‘An Anita-Brooknerian-type soul, of conspiratorial mien, displanted, in the 1970s, to Planty Park and its environs for shopwork in the shadow of Europe’s ultimate pain. An achingly delicious, immaculate English prose undeniably to die for, and one can imagine its words throbbing into Polish rather than being translated…I have no hesitation to say that – based on my reading of it – this book is something truly special.’
An Emporium of Automata (Eibonvale 2013)
A fair proportion of the twenty-one stories in this collection are peopled by scholars, researchers, academics, collectors, writers and historians. Of such stuff are Jamesian stories made, but Daniel Watt is a very original and inventive writer and one quickly learns not to expect what one might normally expect from such indications … Many tales touch on deeper themes than MRJ’s ever did (though he could sometimes be deeper than we give him credit for) and ask questions about the nature of reality that MRJ would never have thought about. Daniel Watt has been likened to Thomas Ligotti, but he is actually much more accessible: An Emporium of Automata is thought-provoking, sometimes uncomfortable but always readable.
‘A most welcome reprinting of a collection originally published in 2010 by Ex Occidente Press, who specialize in extremely expensive limited editions. For this trade paperback version Eibonvale Press provided a gorgeous cover design, but of course it’s the content that really makes this book one of Eibonvale’s finest publications to date (let’s hope Eibonvale, or somebody, gets around to reprinting the same author’s other Ex Occidente publications).
D.P. Watt has a decidedly unique imagination and a love of esoteric wordplay (sample sentence: “I had not taken you for one who skulks behind the scenes to see God’s entrance debased to pure mechanism”). His writing is reminiscent of horrormeisters like Thomas Ligotti and Robert Aickman, yet it displays the verve, literary mastery and idiosyncratic worldview that denote a standalone master of the form.’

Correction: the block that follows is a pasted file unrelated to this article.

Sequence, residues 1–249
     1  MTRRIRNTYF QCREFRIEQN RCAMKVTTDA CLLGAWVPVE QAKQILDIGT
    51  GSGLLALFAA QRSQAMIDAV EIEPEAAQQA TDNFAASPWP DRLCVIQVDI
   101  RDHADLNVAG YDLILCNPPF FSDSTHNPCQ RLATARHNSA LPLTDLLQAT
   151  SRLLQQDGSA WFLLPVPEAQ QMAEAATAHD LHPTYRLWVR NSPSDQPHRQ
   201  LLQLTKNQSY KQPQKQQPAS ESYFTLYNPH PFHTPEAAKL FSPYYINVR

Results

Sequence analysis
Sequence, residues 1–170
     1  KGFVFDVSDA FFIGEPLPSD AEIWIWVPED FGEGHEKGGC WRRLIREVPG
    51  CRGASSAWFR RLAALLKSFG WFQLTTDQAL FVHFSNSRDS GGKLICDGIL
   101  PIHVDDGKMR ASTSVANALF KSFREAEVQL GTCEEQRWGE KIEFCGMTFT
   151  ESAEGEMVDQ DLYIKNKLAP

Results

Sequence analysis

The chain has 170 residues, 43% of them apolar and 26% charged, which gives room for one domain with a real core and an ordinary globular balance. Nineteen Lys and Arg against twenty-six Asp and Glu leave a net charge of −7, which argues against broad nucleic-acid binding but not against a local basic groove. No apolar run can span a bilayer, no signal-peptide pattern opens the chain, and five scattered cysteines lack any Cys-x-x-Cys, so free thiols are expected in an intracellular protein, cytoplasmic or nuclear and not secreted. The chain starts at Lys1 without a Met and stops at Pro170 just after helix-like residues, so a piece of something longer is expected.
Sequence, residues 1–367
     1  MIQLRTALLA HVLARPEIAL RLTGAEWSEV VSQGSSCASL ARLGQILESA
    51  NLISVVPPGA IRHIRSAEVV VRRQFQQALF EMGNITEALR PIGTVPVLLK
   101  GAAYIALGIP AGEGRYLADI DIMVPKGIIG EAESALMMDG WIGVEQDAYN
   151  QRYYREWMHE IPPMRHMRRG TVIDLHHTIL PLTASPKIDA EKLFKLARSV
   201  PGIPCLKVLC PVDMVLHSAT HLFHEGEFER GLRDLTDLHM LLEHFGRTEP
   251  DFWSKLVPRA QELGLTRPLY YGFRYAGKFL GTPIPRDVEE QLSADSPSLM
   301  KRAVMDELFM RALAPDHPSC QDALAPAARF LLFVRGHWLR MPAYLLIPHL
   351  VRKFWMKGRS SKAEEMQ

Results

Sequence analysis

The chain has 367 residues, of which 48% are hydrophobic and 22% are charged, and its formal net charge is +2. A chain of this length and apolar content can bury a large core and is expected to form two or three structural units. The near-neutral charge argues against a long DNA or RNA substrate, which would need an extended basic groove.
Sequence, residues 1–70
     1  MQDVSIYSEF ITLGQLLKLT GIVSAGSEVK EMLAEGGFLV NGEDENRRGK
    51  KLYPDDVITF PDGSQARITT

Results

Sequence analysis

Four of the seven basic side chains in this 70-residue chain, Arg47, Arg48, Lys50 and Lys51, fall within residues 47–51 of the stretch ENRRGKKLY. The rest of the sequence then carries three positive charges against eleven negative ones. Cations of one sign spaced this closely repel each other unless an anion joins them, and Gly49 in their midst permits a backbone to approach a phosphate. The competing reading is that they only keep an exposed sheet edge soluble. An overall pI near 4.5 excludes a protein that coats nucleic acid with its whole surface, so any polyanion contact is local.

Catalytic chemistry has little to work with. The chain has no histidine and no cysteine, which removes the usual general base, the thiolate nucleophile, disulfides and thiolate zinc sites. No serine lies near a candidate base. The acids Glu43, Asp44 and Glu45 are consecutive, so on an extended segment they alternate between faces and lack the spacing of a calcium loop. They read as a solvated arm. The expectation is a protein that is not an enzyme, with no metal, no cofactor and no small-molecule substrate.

‘Watt combines history, weirdness, surrealism and literary prose in these stories and creates a magically charged and alluring atmosphere which will leave readers spellbound. The author’s beautiful literary prose highlights the strange atmosphere and literally seduces the reader with nuanced descriptions of the happenings and places.
In my opinion D. P. Watt is one of the best authors of literary fantasy and weird fiction at this moment. He seems to have a vast imagination and he wonderfully exhibits signs of being able to write beautiful and macabre stories, which will charm readers with their unique weirdness and gothicness. The macabre elements perfectly manifest themselves in the way the characters act and what happens to them.
D. P. Watt’s beautiful prose deserves an extra mention, because his prose is stunningly beautiful. He uses plenty of descriptive expressions and sentences, and hooks his readers with them.
What separates D. P. Watt from other authors of weird fiction is that he explores the world, characters and happenings through a wonderfully twisted sense of wonder and darkness. He addresses several themes from identity to morality and pays attention to the atmosphere. He is an observant author and he offers fascinating glimpses into the lives of humans.
To be honest, D. P. Watt is one of the rare authors who can write weird stories and make them his own. He has a unique voice of his own and he is clearly a master of his art, because he writes about humane and philosophical elements in an unforgettable way.’
‘Mr. Watt’s fiction puts one in mind of decaying Europe cities. Bizarre, archaic secrets hide behind the facade of fringe theater, puppetry, and mechanical toys. The language is reminiscent of older theater, poetic, and at times using words that have an eccentric, archaic feel to them. This itself is present in the titles of the stories (which are wonderful): Erbach’s Emporium of Automata, Dr. Dapertutto’s Saturnalia, Of Those Who Follow Emile Bilonche, Archaic Artificial Suns, and Pulvaris Lunaris or The Coagulation of Wood just to name a few. Almost every single story in this book is deep enough for the reader to benefit from re-reads.
…This collection offers much to weird fiction connoisseurs, and up until now was only available as an expensive, hard to find hardcover. Watt’s collection appeals to the curious child in all of us; the macabre mysteries within shot through with a melancholy, captivating beauty.’